The Carnegie building was opened to the public first as a library in 1916. Since 1982 it has been used as the Carnegie Arts Center where many Turlockers have attended children’s art classes and activities.
The Carnegie Arts Center was undergoing a Turlock City Council approved renovation in 2005 that included an additional constructed tower. The tower was named the Ferrari Tower in honor of a very generous gift by the Ferrari Family.
On November 23, 2005 an arsonists sets a fire nearly destroying the building, just before the fire sprinkler system was to be activated.
For about the last five years the renovation and new expansion plans have been focus of many political battles that included debates on whether the first estimation of $9.3 million was to costly and if scaled down alternatives should be chosen, if the project would serve the general population or just a small group, and if taking on the funding of the new Joe Debely Stadium Renovation project would take away or prevent the Carnegie Renovation that had been on a priority list for years.
The Turlock City Council voted unanimously in April 2010 to approve a bid estimating the construction cost of this project to be $5,109,000.
On May 21, 2010 a groundbreaking ceremony was held to commemorate the beginning of the renovation and expansion of the Carnegie Arts Center.
The old damaged Carnegie building will be renovated while incorporating the original brick walls. The expansion will connect the original building to a brand new building that expands south to the adjacent vacant lot.
The approved plan includes a two-story addition to the Carnegie Arts Center that includes the renovation of the historic building for classrooms (1,800 square feet) and a multi-use room (2,100 s.f.). The new wing design provides an elevator to bring the original building into compliance with the Americans with Disabilities Act. It also includes a temporary exhibition gallery (3,025 s.f.), a members’ gallery (420 s.f.), a second floor multi-use room (2,650 s.f.), an outdoor terrace (725 s.f.), and sufficient office, restroom, kitchen, lobby, storage and service areas (total of 17,265 sf. Plus terrace and entry plaza). Concept A responded to the needs expressed by community members at public forums for more programming and rental space for a variety of cultural functions.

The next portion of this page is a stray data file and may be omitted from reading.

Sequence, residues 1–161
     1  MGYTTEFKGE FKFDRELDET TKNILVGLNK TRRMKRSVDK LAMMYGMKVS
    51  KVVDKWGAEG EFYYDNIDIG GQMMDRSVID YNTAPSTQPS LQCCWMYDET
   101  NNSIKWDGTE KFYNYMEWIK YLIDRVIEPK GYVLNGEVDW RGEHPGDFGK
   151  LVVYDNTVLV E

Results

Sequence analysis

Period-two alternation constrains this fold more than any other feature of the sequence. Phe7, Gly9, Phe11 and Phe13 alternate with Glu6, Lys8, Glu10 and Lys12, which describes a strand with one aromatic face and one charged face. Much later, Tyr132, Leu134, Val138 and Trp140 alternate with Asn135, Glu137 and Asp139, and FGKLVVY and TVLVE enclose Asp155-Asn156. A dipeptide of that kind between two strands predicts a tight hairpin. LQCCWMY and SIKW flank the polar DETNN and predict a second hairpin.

The Carnegie Arts Center Foundation President Patty O’Donnell joked whether she would live or not to see the Carnegie Renovation project begin but then became quite serious as she honored the memory of many contributors who had passed on before the momentous day. Patty O’Donnell also acknowledged two of the first major gifts toward the Carnegie, the Ferrari and Gemperle Families.
“We lost a lot in the fire and in the years that it has taken us to get here today but we have demonstrated together that Turlock won’t give up its dreams, that we value the arts and the significant place that they hold in our communities and our lives,” stated Patty O’Donnell.
Turlock City Arts Commission Chair Dustin Soiseth agreed that the Carnegie is about the community by saying “It’s buildings like the Carnegie that define communities.”
Former Mayor Curt Andre spoke as well saying “All the conflict defined the determination of this community. Communities aren’t based on just the parks, and just the police numbers they have, and just how many pipes they have in the ground… they’re based on and defined how they take care of each other and how we work as a family.”
“I’d like to thank everybody here today who had a part of doing this. We persevered and perseverance is so important and everyone here worked so hard and it’s so important,” said Councilwoman Mary Jackson. “And it is what former Mayor Andre said, it’s not about the building, it’s about the community and the people that live here.”
Representatives from Congressman Dennis Cardoza (D-CA 18th) and State Senator Jeff Denham’s (R-Merced) offices attended the Carnegie Groundbreaking Ceremony and presented Mayor John Lazar proclamations commemorating the momentous day for the Turlock community and acknowledging their hard work.
With about 100 contributors and supporters celebrating the groundbreaking, City Officials, project leaders, and major contributors turned the first shovels of dirt over representing the beginning of the renovation and expansion project.
The Carnegie Renovation project is expected to be completed by June 2011.